The California Earthquake Authority on Thursday proposed an average 8 percent decrease in rates.
CEA’s Advisory Panel recommended the rate decreases, along with additional coverage options in deductibles, discounts and certain limits, to the CEA Governing Board, which next meets in December. Board approval would advance the proposals to regulatory consideration by the California Department of Insurance.
If the board and CDI clear the way, CEA’s new expanded coverages and lower rates would begin to take effect Jan. 1, 2016.
CEA CEO Glenn Pomeroy said an increasingly rate-friendly reinsurance space and capital markets with an appetitive for investing in catastrophe bonds generated enough savings for the carrier to offer the rate reduction.
“The risk transfer benefits to an organization like ours have increased dramatically over the last couple of years,” Pomeroy said.
In an announcement earlier this week, CEA said it’s selling $350 million in bonds to strengthen its ability to pay claims.
CEA, which provides roughly two-thirds of the residential earthquake insurance in California, has nearly 856,000 policyholders.
According to CDI, 10 percent of California households with home insurance also have the separate policy needed to cover earthquake damage. That fact was highlighted in August during the 6.0 magnitude earthquake in Napa, which has a dismal 6 percent take up rate on earthquake insurance.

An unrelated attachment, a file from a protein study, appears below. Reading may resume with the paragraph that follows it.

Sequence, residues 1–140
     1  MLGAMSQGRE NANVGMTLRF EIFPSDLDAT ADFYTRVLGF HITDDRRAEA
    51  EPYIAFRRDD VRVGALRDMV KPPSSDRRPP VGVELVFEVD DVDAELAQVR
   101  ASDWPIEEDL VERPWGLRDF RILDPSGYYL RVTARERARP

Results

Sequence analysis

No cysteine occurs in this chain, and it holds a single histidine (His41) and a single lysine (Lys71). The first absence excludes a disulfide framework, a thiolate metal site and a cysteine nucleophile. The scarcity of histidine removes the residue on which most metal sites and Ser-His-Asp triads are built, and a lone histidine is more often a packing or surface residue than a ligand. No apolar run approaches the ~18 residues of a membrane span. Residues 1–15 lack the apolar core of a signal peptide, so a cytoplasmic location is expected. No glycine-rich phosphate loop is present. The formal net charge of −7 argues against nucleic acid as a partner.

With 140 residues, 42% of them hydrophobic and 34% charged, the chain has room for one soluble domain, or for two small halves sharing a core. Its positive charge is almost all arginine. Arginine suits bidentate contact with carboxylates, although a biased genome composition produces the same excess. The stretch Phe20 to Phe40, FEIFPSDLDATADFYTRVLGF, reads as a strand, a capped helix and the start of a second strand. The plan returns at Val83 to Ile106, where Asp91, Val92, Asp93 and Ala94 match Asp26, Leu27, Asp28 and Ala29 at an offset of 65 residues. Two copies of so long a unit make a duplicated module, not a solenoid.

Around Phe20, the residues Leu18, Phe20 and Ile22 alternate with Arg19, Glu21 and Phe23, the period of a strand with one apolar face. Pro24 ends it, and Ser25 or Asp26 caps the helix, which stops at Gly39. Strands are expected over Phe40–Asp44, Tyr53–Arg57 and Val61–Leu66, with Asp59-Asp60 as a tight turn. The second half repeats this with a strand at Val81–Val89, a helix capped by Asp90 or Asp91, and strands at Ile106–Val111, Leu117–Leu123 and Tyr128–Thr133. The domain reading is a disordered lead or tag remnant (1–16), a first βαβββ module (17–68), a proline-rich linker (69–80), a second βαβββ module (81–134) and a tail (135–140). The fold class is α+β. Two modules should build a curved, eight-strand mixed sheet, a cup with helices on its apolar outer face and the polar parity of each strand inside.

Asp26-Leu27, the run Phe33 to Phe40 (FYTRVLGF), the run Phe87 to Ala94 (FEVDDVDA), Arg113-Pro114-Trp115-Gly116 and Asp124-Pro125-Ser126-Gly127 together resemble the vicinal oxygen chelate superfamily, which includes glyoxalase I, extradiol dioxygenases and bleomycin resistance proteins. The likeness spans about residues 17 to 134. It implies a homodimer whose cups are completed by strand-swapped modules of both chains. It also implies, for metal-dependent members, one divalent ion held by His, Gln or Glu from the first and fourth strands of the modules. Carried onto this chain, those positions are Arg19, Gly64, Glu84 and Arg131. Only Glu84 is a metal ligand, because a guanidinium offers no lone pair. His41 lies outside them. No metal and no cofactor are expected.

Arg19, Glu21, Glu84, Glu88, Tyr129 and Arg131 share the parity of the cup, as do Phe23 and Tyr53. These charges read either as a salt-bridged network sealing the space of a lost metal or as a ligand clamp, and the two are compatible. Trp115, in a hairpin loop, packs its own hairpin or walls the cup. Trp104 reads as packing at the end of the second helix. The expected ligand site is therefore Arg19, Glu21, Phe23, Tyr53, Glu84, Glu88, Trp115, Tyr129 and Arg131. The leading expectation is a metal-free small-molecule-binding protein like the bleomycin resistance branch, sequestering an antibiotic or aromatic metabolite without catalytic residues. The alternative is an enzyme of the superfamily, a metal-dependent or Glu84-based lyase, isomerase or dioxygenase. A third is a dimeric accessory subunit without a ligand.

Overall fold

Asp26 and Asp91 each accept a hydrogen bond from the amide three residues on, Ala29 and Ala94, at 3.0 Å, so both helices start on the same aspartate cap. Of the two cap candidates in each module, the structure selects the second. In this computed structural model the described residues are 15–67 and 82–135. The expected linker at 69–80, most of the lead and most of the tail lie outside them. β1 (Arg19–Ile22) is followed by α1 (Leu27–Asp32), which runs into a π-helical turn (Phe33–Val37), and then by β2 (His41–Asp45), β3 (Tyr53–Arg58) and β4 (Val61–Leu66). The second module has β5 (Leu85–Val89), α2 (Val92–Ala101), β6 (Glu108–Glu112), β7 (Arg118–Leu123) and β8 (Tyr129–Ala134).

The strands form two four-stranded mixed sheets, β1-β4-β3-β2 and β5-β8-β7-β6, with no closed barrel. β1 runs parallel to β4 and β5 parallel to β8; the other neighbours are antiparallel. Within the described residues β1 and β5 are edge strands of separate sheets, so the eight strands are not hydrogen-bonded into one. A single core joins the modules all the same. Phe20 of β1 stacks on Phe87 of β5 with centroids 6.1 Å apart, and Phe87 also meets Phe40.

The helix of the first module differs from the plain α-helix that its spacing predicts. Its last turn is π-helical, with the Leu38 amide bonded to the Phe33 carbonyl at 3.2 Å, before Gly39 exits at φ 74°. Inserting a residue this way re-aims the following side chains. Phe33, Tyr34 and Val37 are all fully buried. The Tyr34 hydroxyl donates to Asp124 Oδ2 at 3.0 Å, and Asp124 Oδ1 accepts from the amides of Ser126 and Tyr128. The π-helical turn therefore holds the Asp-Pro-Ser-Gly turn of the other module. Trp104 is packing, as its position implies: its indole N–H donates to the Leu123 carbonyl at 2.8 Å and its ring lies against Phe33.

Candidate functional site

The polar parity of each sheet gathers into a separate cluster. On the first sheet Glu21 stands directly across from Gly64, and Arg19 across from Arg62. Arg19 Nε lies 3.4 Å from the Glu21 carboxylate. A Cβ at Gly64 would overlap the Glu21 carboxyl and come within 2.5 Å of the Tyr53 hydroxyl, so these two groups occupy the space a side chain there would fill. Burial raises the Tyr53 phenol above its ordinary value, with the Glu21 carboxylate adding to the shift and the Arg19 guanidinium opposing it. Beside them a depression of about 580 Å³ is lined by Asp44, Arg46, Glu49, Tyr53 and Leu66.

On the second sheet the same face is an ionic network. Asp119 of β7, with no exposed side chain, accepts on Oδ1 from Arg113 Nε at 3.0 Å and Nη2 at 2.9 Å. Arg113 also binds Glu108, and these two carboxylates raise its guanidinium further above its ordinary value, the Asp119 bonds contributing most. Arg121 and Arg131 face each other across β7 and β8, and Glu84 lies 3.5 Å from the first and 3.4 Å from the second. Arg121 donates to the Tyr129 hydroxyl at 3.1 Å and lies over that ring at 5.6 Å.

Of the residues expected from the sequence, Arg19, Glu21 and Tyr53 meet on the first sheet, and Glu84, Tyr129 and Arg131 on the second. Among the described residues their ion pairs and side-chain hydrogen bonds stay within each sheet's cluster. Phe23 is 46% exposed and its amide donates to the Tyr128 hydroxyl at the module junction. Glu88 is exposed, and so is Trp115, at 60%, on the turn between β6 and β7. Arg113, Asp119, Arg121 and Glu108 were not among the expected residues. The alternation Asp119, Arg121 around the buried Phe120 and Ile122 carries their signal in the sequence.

With the current proposal, CEA would expand customers’ choice of deductibles – the difference between covered damage and the CEA claim payment – from the present 10 or 15 percent to a range of: 5, 10, 15, 20, or 25 percent, for all policy types.
Pomeroy said in talking to policyholders and homeowners without policies that the increased flexibility of choosing lower premiums for a higher deductible or a deductible that would trigger coverage with smaller losses was of significant interest.
“There is a general understanding out here among California homeowners that we live in earthquake country,” he said. “Most of the people talked to said they would support efforts to make earthquake insurance more affordable and offer more choices.”
He said he believes the new coverages combined with the reduced rates will help boost earthquake insurance take up in California.
“We’re assuming a percent or two at least,” Pomeroy said.
CEA is also proposing a higher hazard-mitigation premium discount of 10 to 20 percent for homeowners. The discounts would be subject to verification of a retrofit. CEA’s current 5 percent retrofit discount would still be offered for new and renewal policyholders who do not verify a retrofit.
Other proposed coverage enhancements include higher sublimits for energy-efficient properties, chimneys, and glass breakage, as well as higher limits for personal property and loss of use/additional living expense coverages.
CEA is a publicly managed, privately funded, not-for-profit organization that provides residential earthquake insurance. CEA earthquake insurance is sold through participating insurance companies.
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